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The Surfer

An honest defeat not bad for Australia

Australia collapsed from a strong position yet again to narrowly lose the Hobart Test to New Zealand by seven runs

Australia collapsed from a strong position yet again to narrowly lose the Hobart Test to New Zealand by seven runs. Going down to a good bowling attack was by no means the worst thing that could have happened to a side that has struggled like a dialysis patient waiting for a donor, says Malcolm Knox in the Sydney Morning Herald.
The Australian team bottomed out two years ago, when they only just beat the two worst teams to have come here in decades, the 2009-10 West Indies and Pakistan. At that point the team was a sick man in denial, believing he'd burst out of bed any minute. Ricky Ponting and Michael Hussey would come good again, Mitchell Johnson was a once-in-a-generation fast bowler, Shane Watson was the new Keith Miller, Simon Katich was Bill Lawry and Bob Simpson in one, Marcus North was a future Australian captain. The fruits of that thinking were harvested in last year's Ashes embarrassment.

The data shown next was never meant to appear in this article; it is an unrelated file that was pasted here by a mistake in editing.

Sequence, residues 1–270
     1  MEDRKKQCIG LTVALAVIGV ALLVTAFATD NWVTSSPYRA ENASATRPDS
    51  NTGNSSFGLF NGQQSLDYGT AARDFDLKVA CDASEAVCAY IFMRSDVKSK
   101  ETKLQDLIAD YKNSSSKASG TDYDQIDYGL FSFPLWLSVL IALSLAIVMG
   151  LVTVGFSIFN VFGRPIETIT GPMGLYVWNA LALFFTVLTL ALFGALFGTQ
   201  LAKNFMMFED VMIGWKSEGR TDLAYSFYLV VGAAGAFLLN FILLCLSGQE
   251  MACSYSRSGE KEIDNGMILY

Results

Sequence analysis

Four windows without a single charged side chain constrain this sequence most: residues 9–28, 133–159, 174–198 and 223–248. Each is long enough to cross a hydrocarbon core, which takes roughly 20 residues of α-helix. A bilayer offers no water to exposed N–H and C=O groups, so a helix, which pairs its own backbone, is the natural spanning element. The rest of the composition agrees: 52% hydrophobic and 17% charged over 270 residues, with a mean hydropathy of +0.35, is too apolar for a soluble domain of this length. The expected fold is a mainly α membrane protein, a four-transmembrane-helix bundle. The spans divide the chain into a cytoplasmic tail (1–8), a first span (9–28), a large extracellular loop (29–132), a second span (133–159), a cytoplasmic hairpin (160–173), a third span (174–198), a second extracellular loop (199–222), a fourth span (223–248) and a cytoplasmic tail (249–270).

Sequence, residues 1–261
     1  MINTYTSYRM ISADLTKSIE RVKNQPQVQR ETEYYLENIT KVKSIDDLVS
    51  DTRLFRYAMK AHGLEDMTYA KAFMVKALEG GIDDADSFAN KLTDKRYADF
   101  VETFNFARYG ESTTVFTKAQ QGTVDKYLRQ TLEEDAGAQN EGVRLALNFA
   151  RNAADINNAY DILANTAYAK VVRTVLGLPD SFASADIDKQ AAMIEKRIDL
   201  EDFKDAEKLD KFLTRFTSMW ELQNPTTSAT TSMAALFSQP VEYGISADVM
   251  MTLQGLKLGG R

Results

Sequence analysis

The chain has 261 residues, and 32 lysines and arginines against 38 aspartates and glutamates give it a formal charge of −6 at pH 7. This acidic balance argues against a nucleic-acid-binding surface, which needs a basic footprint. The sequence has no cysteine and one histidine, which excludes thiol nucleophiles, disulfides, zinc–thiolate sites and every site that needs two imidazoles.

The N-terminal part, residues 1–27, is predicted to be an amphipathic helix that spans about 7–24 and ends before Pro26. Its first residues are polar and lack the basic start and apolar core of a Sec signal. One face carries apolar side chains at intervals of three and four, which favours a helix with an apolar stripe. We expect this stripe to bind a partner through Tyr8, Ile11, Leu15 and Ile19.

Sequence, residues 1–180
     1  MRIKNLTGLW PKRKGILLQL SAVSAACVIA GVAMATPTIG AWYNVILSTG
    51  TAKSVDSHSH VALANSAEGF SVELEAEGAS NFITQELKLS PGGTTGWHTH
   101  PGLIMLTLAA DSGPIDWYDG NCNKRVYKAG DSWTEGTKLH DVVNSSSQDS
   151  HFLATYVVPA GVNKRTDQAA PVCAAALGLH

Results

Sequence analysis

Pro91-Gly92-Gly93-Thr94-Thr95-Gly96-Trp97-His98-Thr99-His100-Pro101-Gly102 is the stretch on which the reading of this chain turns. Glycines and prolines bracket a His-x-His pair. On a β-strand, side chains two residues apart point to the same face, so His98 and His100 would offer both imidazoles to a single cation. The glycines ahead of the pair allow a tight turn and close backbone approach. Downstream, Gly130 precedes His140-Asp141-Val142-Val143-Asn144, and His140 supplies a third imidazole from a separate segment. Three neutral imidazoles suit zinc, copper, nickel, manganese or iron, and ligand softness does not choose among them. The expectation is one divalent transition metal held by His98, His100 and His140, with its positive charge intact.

In the Australian, Peter Lalor writes that the folly of axing Simon Katich for Phillip Hughes becomes more obvious with each passing innings, each inconsistent performance and each new low.
Doug Bracewell, and not David Warner, should have been named the man of the match in Hobart, says Fred Woodcock on www.stuff.co.nz.
Now we have a situation where the Australian public jump on their mobile phones to decide the man of the match, with the player who gets the most votes receiving the official award. It's nothing more than a popularity vote.
In the New Zealand Herald, Doug Bracewell's father, and former New Zealand player, Brendon talks about his son and his match-winning performance.